Obama outlined his proposals in Phoenix, the once foreclosure-riddled city at the epicenter of the nation’s housing crisis. The housing market in Phoenix, as well as in many other parts of the country, has rebounded robustly, with prices in the southwestern city up 66 percent from the low point in 2011.
Despite the nationwide gains, the president said sweeping housing reforms are still needed to ensure that a rejuvenated market doesn’t simply “re-inflate the housing bubble.” The cornerstone of that effort is winding down Fannie Mae and Freddie Mac, a proposal with bipartisan support in the Senate.
“For too long, these companies were allowed to make big profits buying mortgages, knowing that if their bets went bad, taxpayers would be left holding the bag,” Obama told a crowd of more than 2,000 at an area high school.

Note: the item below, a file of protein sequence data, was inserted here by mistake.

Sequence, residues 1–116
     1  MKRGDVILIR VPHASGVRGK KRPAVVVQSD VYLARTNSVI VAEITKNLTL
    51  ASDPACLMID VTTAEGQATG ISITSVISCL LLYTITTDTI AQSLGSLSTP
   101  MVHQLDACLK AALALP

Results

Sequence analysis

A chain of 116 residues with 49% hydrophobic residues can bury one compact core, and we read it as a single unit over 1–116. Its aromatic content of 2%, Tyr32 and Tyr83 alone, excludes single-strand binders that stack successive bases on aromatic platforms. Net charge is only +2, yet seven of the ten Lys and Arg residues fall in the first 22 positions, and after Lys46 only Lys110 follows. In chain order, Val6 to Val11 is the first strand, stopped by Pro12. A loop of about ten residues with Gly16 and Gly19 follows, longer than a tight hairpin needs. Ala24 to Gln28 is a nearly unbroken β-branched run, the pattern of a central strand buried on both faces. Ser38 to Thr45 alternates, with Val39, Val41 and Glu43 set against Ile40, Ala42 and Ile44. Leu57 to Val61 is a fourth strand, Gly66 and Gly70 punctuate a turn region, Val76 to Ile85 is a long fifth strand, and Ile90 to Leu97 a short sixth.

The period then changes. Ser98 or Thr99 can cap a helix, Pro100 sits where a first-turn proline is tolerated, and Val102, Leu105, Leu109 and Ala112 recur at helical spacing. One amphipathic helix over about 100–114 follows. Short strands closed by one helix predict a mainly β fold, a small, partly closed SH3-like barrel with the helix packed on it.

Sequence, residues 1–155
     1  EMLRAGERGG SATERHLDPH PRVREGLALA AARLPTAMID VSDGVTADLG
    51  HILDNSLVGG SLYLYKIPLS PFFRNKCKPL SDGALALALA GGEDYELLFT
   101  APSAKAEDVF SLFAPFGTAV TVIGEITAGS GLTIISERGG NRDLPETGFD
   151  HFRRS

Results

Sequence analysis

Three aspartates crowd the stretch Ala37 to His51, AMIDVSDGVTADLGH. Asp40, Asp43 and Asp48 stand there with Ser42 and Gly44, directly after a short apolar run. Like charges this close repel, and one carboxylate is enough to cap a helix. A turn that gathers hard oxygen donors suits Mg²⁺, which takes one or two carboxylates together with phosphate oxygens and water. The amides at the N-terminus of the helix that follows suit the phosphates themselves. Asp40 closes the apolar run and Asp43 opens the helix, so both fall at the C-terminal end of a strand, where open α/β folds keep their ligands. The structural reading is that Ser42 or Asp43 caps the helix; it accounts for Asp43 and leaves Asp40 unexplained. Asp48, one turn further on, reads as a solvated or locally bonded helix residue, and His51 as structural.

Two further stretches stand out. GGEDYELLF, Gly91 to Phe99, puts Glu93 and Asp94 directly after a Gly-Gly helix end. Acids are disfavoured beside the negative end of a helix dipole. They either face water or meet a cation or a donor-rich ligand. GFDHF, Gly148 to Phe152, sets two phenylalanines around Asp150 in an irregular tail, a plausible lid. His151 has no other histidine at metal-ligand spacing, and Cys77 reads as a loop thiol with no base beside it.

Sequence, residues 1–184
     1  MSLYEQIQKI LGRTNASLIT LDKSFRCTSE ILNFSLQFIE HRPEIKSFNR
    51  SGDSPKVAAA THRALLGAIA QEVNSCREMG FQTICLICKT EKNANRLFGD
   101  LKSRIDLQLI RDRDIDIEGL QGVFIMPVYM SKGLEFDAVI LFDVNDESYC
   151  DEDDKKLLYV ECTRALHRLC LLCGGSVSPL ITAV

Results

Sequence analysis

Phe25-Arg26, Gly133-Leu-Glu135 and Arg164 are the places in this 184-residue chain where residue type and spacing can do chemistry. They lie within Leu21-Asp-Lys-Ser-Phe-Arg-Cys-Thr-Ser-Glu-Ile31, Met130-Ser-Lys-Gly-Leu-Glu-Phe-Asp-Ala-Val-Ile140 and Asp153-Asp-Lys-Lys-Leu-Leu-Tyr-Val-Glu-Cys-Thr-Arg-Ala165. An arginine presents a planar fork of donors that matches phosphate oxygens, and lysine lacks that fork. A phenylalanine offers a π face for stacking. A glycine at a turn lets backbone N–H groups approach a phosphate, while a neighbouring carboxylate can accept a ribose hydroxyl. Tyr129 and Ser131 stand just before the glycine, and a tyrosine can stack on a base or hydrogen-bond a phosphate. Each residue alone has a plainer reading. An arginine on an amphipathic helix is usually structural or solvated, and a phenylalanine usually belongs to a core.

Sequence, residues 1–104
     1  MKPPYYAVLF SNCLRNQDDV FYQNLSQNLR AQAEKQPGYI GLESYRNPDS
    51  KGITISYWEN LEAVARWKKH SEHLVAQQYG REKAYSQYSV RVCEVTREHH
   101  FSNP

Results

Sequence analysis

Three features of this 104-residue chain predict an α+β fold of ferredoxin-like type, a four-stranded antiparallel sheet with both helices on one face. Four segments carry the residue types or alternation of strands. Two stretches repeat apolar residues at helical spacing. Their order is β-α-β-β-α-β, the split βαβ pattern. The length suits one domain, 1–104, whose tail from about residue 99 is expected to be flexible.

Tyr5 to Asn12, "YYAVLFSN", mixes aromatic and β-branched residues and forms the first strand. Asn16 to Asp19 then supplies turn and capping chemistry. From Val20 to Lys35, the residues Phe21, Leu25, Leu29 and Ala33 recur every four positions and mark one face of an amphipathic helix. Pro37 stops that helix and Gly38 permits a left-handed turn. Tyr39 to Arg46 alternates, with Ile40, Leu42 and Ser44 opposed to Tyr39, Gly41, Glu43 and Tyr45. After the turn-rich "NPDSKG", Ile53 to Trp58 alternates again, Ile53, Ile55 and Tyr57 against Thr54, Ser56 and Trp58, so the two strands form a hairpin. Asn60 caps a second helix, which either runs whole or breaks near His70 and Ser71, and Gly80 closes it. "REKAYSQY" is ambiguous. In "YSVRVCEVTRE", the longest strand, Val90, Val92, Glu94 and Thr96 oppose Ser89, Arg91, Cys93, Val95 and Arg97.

While the president has previously endorsed overhauling Fannie and Freddie, his remarks Tuesday marked the first time he outlined his specific proposals for doing so.
The president wants to replace Fannie and Freddie with a system that would put the private sector, not the government, primarily at risk for loans. The government would still be involved, both in oversight and as a last-resort loan guarantor.
Obama is also seeking guarantees that a private sector-led mortgage finance system would still ensure wide homeowner access to popular 30-year mortgages at fixed rates.
Obama’s mortgage reform priorities are largely in line with a Senate measure shepherded by Republican Sen. Bob Corker of Tennessee and Democratic Sen. Mark Warner of Virginia that would wind down Fannie Mae and Freddie Mac within five years. Corker said Obama’s remarks were a sign of real and growing momentum behind efforts to shutter the mortgage giants.
Once flourishing, Fannie and Freddie were bailed out in 2008 by a $187 billion taxpayer-backed package.